posted by happyroach at 11:10 PM on February 9, 2010 [3 favorites]


Music -- real music, real, good music, is supposed to be a fucking _fight_.

Yes, real music is exactly as you describe it -- which in reality leaves out a huge amount of real music. Ella Fitzgerald singing a Cole Porter tune. A Bach fugue. A desolate, resigned Frank Sinatra ballad from In the Wee Small Hours of the Morning. A wispy, ethereal Billie Holiday number. A jaunty ragtime piece. A Glenn Miller tune. A stupid but sublime minor Paul McCartney song. A bouncy, lighthearted Django Reinhardt number. A deliriously dumb but ecstatic club track. "Tutti Frutti." "My Ding-a-Ling." "Flash Light." "The Twist." "Louie Louie." A ridiculous and humorous Flavor Flav rap to counterbalance the rage of "By the Time I Get to Arizona." James Brown singing "I Feel Good." Songs about dogs, cars, baseball, ice cream, milkshakes, stupid dance fads.

The fight of the Beatles against weak ballroom music? How about songs like "Glass Onion," "Yellow Submarine," "Octopus's Garden"? What about "She loves you yeah yeah yeah?" The Clash versus weak pop music? What about "Train in Vain"? What about "Rock the Casbah," which was as pop as it got in 1982? What about Mick Jones in Big Audio Dynamite, which was even more pop? "Smells Like Teen Spirit"? A song named after a deodorant?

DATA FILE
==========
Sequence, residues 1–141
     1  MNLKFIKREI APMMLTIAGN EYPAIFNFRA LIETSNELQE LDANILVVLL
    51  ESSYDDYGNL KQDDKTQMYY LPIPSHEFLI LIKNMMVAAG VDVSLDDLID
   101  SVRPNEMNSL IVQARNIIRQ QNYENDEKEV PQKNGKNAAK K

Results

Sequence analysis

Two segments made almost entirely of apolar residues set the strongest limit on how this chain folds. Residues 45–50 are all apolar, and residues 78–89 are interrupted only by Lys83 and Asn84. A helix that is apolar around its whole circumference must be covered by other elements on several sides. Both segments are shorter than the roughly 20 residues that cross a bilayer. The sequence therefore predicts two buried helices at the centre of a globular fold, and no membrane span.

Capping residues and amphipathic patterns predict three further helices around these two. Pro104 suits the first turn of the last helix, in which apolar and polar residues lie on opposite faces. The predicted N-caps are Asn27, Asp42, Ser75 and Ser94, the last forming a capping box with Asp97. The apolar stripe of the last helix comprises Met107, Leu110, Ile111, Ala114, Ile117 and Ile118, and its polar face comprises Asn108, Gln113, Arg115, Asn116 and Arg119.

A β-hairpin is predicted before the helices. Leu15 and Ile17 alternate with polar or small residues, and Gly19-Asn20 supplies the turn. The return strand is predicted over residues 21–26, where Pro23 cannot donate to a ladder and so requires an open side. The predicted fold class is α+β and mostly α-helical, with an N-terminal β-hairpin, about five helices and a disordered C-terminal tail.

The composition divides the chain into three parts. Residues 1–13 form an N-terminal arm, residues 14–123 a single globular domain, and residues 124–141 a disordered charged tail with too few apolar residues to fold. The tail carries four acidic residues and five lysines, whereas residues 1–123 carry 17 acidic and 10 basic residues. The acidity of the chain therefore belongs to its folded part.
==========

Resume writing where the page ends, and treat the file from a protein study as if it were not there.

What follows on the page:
Yes, some good music is about not coddling, about not settling for the status quo, about forcing the issue, about shouting with rage. But not all.
posted by blucevalo at 11:19 PM on February 9, 2010 [3 favorites]


You mean one of the bands that caused rock to disappear up its own bunghole until punk and new wave came along?

Sure. Punk/new wave never had any navels to gaze at, corners to hide in, or bungholes to disappear up. It was all a forthright march into the endless horizon of open engagement and pure relevance. Nobody ever reacted against it. It was never The Great Rock'n'Roll Swindle.
posted by blucevalo at 11:24 PM on February 9, 2010


Wait, how are my unborn grandchildren supposed to set these pianos on fir—
Oh my god, the flaming piano's calling from inside my uterus!
posted by blueberry at 12:34 AM on February 10, 2010 [2 favorites]


Listen, guys, the Well-Tempered Clavier is a FIGHT of LEFT HAND VERSUS RIGHT HAND.
posted by palliser at 5:20 AM on February 10, 2010 [1 favorite]


Lee Perry, on the other hand, was a guy who spent most of his life in his backyard recording studio smoking gigantic spliffs.
posted by box at 6:34 AM on February 10, 2010


Is a guy, dangit.
posted by box at 6:34 AM on February 10, 2010


It's the fight of the guitar hook from Smells Like Teen Spirit More Than A Feeling.
posted by minifigs at 8:04 AM on February 10, 2010 [1 favorite]